Good luck out there and remember to be safe and have fun.

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That is why I will never give up my A CDL which I need in Illinois to be legal. If l move to another state I hope I will Have an easy time changing my CDL to that state.

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I just had to upgrade my operators license in NM because of the new coach on order will be over 26,000 lbs, had to change to a class E which is strictly for recreational vehicles over 26,000lbs.

I am sure there are a lot of NM rv owners out there that never change their license and have never been called on it.....

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The word "exempt" is very misleading.

A person in Texas may be exempt from obtaining a CDL if the vehicle is used for personal use. A Form CDL-2 is required only if the vehicle is a commercial vehicle used for personal use. Example: A motorhome that is used by a business to sell tools out of and one member of the family uses it for recreational purposes only. They would need the Form CDL-2 only because that is a commercial vehicle being used for recreational purposes. In any case they would need the appropriate Class A, B or C license and not a CDL license. Now, I wonder how this is all explained when a person is stopped for whatever reason, has a commercial recerational vehcile and only a Class A or B license. Hmmm! Does the word "exempt" appear on his license?

Here is a direct quote from the CDL-2 Form:

"I will operate a commercial motor vehicle that exceeds 26,000 lbs GVWR and requires a Class A or B license that is exempted by the Texas Commercial Driver License Act. The Commercial vehicle that I will operate is defined in the following information. Check the appropriate box(es):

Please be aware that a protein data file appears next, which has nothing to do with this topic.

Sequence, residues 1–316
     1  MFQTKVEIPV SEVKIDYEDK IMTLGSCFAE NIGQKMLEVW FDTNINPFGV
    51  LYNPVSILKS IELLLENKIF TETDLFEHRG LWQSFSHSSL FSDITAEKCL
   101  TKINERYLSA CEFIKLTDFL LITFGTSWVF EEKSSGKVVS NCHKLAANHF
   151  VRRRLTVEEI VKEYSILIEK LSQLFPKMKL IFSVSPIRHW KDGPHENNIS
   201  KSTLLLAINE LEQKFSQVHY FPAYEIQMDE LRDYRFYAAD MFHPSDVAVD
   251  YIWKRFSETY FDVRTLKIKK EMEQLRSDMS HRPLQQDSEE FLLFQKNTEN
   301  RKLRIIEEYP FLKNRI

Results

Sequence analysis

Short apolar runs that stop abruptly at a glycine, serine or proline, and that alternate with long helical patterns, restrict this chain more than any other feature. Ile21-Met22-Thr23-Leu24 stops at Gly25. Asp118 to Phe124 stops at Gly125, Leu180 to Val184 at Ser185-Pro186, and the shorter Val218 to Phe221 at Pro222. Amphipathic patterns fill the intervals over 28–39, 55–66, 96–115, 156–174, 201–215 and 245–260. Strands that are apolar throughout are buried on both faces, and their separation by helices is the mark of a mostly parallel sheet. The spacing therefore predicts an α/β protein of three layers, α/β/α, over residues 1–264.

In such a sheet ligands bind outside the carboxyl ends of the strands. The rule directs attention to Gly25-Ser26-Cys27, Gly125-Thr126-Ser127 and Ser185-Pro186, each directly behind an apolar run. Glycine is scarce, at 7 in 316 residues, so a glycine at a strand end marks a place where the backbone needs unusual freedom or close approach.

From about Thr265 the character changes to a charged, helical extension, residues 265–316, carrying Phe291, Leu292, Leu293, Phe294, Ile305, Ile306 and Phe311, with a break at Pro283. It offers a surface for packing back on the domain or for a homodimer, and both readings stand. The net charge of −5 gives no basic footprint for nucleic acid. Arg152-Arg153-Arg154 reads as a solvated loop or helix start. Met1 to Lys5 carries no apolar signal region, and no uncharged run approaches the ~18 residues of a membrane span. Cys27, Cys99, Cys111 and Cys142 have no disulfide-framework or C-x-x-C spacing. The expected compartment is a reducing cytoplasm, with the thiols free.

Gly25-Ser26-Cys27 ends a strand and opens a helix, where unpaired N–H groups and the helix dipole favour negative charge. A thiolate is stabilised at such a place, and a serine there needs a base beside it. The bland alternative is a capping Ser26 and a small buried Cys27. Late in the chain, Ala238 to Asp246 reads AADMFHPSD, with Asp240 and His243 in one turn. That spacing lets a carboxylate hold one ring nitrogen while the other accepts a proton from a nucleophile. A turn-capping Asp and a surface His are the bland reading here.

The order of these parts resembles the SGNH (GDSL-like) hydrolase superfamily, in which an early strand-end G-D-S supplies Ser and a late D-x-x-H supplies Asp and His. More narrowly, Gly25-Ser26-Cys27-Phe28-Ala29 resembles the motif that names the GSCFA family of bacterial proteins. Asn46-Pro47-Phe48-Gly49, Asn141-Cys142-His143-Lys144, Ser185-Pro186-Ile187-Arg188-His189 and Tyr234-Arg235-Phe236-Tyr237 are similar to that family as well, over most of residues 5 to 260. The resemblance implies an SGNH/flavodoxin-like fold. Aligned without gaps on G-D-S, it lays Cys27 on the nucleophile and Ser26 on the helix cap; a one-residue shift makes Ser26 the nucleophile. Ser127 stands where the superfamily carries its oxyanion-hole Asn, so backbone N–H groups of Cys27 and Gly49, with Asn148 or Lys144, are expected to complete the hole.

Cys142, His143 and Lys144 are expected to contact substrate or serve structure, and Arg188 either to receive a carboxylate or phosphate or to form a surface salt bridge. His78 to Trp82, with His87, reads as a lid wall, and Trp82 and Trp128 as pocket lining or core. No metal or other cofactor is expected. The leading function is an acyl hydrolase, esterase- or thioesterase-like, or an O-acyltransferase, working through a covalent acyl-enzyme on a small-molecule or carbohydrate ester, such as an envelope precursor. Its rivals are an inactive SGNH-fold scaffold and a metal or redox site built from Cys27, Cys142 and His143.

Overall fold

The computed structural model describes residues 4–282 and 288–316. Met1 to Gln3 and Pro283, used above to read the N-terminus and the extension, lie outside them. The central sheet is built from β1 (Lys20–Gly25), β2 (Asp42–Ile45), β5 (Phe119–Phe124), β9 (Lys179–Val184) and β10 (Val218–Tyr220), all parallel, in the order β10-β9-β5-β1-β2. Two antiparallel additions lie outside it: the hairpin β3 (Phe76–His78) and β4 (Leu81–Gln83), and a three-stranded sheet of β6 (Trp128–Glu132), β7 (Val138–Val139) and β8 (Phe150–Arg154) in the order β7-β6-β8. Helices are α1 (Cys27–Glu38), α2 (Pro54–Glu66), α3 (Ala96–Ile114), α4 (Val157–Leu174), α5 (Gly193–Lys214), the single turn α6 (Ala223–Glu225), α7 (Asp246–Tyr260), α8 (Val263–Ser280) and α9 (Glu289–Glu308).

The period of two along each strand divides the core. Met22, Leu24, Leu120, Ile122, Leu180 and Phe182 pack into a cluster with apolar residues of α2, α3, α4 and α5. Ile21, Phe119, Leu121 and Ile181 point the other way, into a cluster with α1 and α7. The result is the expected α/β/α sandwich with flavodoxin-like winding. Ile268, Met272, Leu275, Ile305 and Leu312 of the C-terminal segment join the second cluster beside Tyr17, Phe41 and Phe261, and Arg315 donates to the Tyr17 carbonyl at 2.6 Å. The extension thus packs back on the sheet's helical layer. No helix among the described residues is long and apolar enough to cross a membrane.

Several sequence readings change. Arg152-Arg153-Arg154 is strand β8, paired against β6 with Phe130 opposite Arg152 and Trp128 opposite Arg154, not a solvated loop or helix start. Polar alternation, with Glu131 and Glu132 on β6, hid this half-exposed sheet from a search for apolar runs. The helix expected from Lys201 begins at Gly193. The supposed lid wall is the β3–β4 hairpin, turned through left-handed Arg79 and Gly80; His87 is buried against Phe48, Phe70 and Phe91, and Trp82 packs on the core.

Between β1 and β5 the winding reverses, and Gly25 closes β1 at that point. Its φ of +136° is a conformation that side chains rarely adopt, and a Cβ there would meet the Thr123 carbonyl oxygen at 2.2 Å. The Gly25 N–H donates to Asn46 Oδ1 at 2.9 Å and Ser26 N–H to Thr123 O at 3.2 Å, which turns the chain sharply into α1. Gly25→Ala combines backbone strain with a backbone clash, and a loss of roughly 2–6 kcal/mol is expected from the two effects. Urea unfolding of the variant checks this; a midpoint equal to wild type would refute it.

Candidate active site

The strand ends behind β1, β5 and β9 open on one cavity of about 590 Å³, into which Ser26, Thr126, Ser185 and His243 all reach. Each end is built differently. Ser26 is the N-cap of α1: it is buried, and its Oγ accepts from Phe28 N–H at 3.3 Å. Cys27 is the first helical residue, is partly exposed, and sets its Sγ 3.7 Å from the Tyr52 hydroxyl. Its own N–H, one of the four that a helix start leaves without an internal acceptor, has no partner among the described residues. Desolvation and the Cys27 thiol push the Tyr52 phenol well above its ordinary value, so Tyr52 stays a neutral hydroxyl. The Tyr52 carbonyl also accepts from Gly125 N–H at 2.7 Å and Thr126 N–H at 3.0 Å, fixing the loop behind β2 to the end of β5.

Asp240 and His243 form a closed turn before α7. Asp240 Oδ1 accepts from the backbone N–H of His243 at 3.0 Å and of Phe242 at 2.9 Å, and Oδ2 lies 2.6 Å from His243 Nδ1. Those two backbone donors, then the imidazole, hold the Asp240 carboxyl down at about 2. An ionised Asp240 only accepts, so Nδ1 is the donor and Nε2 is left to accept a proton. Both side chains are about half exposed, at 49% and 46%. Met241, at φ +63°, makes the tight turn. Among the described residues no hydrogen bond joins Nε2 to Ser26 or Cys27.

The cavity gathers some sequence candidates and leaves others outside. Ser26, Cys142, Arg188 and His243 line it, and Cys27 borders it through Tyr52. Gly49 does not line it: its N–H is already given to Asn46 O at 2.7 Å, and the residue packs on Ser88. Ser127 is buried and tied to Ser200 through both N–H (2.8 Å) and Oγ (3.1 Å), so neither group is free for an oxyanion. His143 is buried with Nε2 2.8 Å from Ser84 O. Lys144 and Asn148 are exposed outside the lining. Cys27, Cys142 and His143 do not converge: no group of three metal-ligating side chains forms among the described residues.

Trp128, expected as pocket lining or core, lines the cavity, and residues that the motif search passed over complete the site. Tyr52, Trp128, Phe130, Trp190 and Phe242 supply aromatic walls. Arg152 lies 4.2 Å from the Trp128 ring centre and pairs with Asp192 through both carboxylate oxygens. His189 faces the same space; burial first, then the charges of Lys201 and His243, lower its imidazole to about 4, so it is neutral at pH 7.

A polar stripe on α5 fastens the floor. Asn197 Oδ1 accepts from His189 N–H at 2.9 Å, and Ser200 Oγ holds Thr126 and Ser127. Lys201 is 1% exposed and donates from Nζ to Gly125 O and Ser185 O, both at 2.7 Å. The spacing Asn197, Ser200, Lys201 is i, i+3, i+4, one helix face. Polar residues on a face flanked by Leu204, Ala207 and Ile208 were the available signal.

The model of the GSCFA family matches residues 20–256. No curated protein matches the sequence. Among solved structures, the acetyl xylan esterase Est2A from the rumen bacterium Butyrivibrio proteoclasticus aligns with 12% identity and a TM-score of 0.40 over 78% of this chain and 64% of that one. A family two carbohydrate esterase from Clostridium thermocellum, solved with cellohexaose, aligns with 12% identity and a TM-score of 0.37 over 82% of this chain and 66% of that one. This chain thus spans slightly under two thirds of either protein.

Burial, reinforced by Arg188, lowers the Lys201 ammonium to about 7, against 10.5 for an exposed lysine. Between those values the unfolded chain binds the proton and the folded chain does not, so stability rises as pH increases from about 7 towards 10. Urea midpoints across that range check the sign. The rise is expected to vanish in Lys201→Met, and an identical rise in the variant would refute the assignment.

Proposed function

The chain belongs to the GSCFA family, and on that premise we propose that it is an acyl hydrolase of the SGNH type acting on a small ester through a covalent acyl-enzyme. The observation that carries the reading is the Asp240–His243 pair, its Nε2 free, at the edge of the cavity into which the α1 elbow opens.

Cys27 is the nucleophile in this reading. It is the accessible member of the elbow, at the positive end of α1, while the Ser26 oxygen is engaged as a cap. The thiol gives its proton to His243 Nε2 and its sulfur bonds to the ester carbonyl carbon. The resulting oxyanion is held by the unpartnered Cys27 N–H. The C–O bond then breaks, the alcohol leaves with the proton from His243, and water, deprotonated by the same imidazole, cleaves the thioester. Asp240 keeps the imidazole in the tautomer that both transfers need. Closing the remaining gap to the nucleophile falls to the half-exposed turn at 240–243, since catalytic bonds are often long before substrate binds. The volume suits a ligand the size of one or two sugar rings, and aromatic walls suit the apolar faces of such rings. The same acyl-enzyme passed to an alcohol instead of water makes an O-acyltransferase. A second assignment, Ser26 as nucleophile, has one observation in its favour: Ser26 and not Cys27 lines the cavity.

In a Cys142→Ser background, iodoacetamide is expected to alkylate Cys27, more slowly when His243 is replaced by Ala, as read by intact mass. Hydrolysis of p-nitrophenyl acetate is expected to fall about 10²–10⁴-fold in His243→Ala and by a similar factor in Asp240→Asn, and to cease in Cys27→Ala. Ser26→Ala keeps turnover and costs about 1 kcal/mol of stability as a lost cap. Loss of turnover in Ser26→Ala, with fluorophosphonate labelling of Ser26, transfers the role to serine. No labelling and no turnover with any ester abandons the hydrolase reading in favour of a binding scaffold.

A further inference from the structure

( ) A recreational vehicle that is driven for personal use: or"

That is one of four 6 boxes on the CDLp-2 form. I bolded the part that states "I will operate a commercial vehicle." So a person can operate a commercial recreational vehcile if it is for personal recreational use and not commercial use. The only time that form is needed is if the RV is a commercial vehcile.

So confusing. Must have been drawn up by lawyers. (Hmmm! My son is a lawyer.... Nah, I'm sure he didn't have anything to do with it.)

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Call me confused again, I just looked up who needs what for California and I don't see

anything about "GVWR (lbs.) 27,910" which ours is, it only states under 26,000 and

nothing else.??

Sorry to HJ your thread...

Image1

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Look on the left. No weight, but it says need non commercial B IF you are over 40', and under 45', with endorsement. Not sure what the endorsement is. But, I see no wt for motorhomes, only on trailers.

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If you look at the section basic Class C license. It states any housecar 40' or less. Housecar as defined in CA is motorhome. As I stated in a previous post, CA is one of the few states that you don't have to have a special license to drive a motorhome under 40' regardless of weight.